Contact Us Curdridge Observatory channel on youtube google plus

Telescope Dome Synchronising

How to synchronise your arduino dome slot with your GOTO telescope.

For successful automated astrophotography, the slot in the observatory dome must be synhronised with the telescope as it tracks the sky and performs slews. In most cases, use of ASCOM will mean that you do not have to worry about the calculation of the dome azimuth - this is all done for you after correct configuration. In some cases you may wish to implment your own code to perform this calculation. The problem is not as simple as it might first appear. One cannot simply set the dome slot azimuth to the pointing azimuth of the telescope. With a GEM mount the correct solution can appear unintuitive.

Take the following example:
Telescope pointing due south at the horizon. Scope on the east side of the pier. Putting the dome slit at 180 is not the correct solution. The scope is hanging out to one side. The required dome azimuth is more like 160 degrees - depending on various factors.

The "factors" are broadly......

Taking the above case, even with x=y=z=0 the COG-Optical (COGO) will mean the dome azimuth has to be a bit further east than 180. If x=y=z=COGO then the azimuth would be 180. This is now aparently a more complex problem but the solution is straightfoward using the proper mathematics.

Be warned : Some of the solutions I have seen on the internet are horrendously over complicated and try and do the whole thing with trigonometry.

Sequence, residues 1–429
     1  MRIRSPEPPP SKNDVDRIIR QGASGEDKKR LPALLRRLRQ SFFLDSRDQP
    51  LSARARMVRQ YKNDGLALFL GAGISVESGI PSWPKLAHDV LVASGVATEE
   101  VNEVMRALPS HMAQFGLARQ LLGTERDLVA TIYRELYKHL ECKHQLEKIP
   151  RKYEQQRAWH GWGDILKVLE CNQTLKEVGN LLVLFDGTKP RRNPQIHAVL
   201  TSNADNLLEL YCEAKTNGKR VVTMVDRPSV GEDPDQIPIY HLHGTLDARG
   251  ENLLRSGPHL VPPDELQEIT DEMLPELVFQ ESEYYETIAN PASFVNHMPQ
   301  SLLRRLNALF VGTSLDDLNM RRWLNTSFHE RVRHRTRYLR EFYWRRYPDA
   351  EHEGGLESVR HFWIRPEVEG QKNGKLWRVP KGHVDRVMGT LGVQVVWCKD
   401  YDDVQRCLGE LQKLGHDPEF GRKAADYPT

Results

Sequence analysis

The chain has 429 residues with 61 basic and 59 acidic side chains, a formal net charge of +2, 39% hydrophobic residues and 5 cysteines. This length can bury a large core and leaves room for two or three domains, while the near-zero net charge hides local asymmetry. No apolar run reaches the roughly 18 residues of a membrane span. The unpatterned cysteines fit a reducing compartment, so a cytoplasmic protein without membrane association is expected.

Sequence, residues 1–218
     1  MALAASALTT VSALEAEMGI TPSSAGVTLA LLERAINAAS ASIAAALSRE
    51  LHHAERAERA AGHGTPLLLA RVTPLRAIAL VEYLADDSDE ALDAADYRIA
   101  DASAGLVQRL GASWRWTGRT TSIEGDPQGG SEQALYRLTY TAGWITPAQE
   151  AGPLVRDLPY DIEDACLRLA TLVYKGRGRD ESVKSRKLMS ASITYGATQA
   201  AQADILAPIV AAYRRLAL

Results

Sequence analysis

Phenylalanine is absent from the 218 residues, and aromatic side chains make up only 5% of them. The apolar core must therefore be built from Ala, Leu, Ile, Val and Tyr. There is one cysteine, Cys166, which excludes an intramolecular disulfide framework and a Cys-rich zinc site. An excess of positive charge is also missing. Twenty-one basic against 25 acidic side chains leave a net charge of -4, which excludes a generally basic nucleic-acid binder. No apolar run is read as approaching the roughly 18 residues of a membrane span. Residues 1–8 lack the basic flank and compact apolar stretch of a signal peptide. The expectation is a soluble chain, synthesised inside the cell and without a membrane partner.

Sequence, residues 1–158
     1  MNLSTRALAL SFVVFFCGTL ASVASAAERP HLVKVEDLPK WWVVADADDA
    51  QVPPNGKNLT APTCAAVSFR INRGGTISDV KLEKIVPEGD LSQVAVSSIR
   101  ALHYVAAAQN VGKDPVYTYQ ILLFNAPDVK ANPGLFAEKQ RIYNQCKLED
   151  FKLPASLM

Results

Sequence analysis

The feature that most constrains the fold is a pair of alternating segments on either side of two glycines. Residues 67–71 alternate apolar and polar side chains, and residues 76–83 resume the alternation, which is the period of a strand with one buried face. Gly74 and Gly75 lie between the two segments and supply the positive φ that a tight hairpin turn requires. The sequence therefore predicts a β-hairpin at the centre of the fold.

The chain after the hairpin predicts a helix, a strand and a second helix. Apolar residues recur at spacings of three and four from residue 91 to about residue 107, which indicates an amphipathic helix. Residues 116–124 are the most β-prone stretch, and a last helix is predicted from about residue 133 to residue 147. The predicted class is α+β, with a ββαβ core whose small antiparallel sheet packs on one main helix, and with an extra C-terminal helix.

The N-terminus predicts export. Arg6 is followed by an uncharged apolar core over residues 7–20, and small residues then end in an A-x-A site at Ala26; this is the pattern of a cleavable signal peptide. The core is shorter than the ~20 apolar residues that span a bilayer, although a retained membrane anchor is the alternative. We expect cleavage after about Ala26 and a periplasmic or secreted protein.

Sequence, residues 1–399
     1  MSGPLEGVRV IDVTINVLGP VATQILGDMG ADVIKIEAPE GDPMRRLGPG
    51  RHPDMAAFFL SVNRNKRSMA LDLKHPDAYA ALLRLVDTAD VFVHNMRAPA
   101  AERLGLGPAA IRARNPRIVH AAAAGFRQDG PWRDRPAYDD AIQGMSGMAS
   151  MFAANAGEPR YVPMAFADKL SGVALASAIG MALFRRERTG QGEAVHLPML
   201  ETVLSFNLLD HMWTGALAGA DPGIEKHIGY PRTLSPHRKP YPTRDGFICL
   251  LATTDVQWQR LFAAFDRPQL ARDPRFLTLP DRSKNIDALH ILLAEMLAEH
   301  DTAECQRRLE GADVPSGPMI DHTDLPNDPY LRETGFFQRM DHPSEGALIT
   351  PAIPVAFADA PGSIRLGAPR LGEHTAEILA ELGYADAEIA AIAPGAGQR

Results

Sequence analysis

With vectors, the solution is a joy.

For practical programming, the Math.net programming library makes this into a few simple lines of code.

Sample C# code

  public DomeAltAz Get(double domeR, double HourAngle,  double pierside, double ALT, double AZ)
            double inc = M_PI / 2 - ALT;
            double az = M_PI / 2 - AZ;

            //origin of dome, 0,0,0
            var c = new DenseVector(new double[] { 0, 0, 0 });  

            //setup the intersection of RA And DEC axis which is constant.
            var cog = new DenseVector(new double[] { offsetEW, offsetNS, offsetUP });

            //now work out the cogo point, intersection of optical axis and dec axis, i.e. the bit that moves
            var cogtoO = new DenseVector(new double[] { 
                    pierside*r*cos(HourAngle), //x
                    pierside*-r*sin(latitude)*sin(HourAngle),  //y
                    pierside*r*cos(latitude)*sin(HourAngle)  //z
            var o = cog + cogtoO; 

            double xm, ym, zm;
            //3d cartesian coordinates  or unit vector for the actual OTA pointing direction
            xm = Math.Sin(inc) * Math.Cos(az);
            ym = Math.Sin(inc) * Math.Sin(az);
            zm = Math.Cos(inc);
            var l = new DenseVector(new double[] { xm, ym, zm });  
            l = l.Normalize(2);  

            //do the actual equation 
            var underRoot = sqr(l.DotProduct(o - c))- sqr((o - c).Norm(2)) + sqr(domeR);                   
            var d = -l.DotProduct(o - c) + Math.Sqrt(underRoot);

            var s = c + o + (l * d);

            var domealtaz = new DomeAltAz();

            domealtaz.DomeAzimuth = M_PI / 2 - Math.Atan2(s[1], s[0]);
            if (domealtaz.DomeAzimuth < 0) domealtaz.DomeAzimuth += 2 * M_PI;

            domealtaz.DomeAltitude = M_PI / 2 - Math.Acos(s[2] / domeR);
            domealtaz.cogtoO = cogtoO;

            return domealtaz;